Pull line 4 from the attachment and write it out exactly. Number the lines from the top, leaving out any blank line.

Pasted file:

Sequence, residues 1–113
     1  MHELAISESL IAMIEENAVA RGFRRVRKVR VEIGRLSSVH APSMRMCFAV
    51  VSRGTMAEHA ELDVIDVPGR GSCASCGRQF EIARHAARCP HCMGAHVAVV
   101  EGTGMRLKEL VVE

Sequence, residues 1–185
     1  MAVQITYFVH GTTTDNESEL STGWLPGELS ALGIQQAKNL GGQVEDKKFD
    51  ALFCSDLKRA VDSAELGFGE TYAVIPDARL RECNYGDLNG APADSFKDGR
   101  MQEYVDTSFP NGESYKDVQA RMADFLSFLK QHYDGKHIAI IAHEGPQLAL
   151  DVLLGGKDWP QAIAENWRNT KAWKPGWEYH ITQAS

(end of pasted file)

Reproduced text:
   101  EGTGMRLKEL VVE